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The Three Educator Challenges

Updated: Nov 15, 2019

· Social relationships are governed by what psychologists call “differential reinforcement”. That is, society attempts to control the behavior of its members by rewarding the behaviors it wants more of and punishing the behaviors it wants less of. Because this approach is so woven into the fabric of daily life, we generally take it for granted…it seems “natural”.


· Reward-and-punishment may be the only way very large groups (like cities and countries) can function (a questionable idea). But, for small, human-sized groups, like families or schools, reward-and-punishment is very ineffective and inefficient. This is because humans are selected by evolution to seek liberty and to reject control.


· A WED Educator’s first, great, challenge is moving away from a “Control” model to an “Authority” model. We define Control as crude, hierarchical dominance. Control invariably results in some ugly mix of mindless rebellion and deadening compliance (Fromm used the term “irrational authority” for our “Control” – which he said results in sado-masochism – and the term “rational authority” for our “Authority”). Interest in Control is largely delusional – we cannot effectively and efficiently Control others while promoting their fullest development. We define Authority as voluntarily granted influence. It requires respect for the autonomy of the individual. Not attempting to Control others encourages them to let down their defenses and grant Authority, opening up to educational guidance. Note: Isn’t it ironic how we proudly proclaim our desire to help people become confident, independent, critically-thinking, and impossible to manipulate – unless it’s us doing the manipulating! Then we just want them to do as we say, just because “we said so”.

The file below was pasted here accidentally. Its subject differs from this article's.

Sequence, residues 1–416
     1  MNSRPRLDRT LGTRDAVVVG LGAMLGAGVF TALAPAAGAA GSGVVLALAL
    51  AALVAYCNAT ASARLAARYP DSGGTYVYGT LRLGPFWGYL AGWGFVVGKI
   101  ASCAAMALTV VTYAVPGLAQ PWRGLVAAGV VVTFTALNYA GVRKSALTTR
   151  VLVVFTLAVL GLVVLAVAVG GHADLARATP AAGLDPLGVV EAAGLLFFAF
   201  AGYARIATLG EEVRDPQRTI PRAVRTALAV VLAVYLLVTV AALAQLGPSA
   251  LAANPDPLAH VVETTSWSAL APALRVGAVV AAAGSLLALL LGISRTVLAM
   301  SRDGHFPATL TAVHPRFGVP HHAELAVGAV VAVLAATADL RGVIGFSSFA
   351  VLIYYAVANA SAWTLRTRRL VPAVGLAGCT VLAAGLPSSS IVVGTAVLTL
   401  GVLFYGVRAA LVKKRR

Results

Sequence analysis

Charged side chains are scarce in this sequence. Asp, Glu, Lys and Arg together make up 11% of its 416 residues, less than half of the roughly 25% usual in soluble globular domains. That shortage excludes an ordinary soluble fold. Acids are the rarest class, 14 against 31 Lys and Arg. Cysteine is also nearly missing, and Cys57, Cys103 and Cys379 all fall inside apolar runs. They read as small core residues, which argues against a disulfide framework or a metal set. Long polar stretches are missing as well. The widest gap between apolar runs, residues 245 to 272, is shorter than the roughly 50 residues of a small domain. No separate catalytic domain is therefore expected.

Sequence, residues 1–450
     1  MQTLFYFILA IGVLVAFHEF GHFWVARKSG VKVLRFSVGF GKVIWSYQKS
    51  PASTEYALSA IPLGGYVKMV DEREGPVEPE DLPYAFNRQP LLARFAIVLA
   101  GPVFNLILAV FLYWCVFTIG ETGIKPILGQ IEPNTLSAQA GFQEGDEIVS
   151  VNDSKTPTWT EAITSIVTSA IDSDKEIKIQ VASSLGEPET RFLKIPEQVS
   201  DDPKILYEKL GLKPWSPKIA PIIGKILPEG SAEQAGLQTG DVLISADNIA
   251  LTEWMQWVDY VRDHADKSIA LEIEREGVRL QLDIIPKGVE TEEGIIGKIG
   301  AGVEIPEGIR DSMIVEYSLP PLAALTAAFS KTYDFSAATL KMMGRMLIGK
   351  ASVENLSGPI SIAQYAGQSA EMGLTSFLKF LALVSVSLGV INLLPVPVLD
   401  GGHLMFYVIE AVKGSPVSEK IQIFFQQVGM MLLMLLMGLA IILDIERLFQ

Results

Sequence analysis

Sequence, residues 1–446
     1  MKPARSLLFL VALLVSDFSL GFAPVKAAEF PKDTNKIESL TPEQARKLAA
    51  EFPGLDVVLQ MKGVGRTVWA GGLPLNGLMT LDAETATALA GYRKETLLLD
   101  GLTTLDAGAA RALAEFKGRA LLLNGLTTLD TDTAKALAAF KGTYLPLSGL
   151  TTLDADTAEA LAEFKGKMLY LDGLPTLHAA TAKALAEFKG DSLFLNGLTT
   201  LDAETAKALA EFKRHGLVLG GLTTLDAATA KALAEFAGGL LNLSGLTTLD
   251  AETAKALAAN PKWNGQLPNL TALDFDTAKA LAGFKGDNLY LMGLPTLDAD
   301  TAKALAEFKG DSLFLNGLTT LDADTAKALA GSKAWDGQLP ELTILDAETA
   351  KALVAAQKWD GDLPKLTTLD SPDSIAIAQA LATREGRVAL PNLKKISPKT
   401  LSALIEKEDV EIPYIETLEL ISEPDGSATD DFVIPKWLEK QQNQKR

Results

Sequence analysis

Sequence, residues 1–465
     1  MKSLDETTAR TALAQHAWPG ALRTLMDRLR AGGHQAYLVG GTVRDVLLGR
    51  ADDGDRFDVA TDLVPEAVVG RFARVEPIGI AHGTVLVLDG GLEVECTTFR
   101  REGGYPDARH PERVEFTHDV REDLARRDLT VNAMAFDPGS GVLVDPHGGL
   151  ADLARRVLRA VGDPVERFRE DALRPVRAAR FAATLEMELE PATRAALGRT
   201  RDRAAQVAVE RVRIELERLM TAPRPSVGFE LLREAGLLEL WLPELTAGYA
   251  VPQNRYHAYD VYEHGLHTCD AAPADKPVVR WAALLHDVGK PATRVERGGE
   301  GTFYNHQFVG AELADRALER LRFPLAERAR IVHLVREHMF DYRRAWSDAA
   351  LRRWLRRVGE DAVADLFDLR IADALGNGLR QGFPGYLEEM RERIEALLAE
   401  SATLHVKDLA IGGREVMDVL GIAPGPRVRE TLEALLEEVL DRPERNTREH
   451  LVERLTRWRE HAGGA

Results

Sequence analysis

· A WED Educator’s second, great, challenge is to neither punish nor enable imbalanced behavior. Punishment is retaliatory violence and so is antithetical to the unconditional Love of the Ideal Parent/Ideal Educator and the Core Principles of WED. The simple, honest message of punishment is “you have hurt, now you will be hurt”. Violence begets violence, and so this approach is not only unethical, but ineffective. When someone does not practice The Behavioral Guidelines© of the group, they need our Love and support – but we must also be careful not to enable their imbalance. Following WED’s Four Rs, we first Reflect on our perception and practice, and prepare ourselves to gently Remind the person of our mutual commitment to practice The Guidelines (using questions!). Then, after sufficient attempts at reminding are made, we may be forced to Restrict a member from the group. Now, it is true that we know Restriction will feel punishing to the restricted member (Note: For hundreds of thousands of years if you were restricted from the group, you died…so, Restriction is deeply encoded in the human brain as intolerable. This is why humans are what anthropologists call “gregarious animals”). We are relying on the internally punishing feeling of Restriction to help the restricted member consider their natural need to be a positive member of a group – but we are not doing the punishing. Restriction is the group’s way of respecting an individual’s autonomy to decide whether to practice with the group or not, fulfilling its duty to promote the pro-socialization of each member, and protecting the group as a whole from negative influence, while affirming that practice of The Guidelines are non-negotiable for all members. Restriction should result only in safe separation from the group and group privileges until and hopefully when commitment to practicing The Guidelines can be reconfirmed. To do more than that is to move from loving, natural consequences to violence. If handled properly, even physical restraint (by EMT or police – not by a group member) can be an expression of positive group culture and enlightened leadership. Finally, when it can be believably confirmed that a restricted member is recommitted to practicing The Guidelines, they must be Reintegrated. Remember, we are not interested in punishing – only practice!


· A WED Educator’s third, great, challenge is avoiding adversarial dynamic. We must model our commitment to practicing The Guidelines by avoiding any impulse or inducement to fight. Our verbal and paraverbal message must be “I choose to remain a loving, positive member of our group, and there is nothing anyone can do to change that”.

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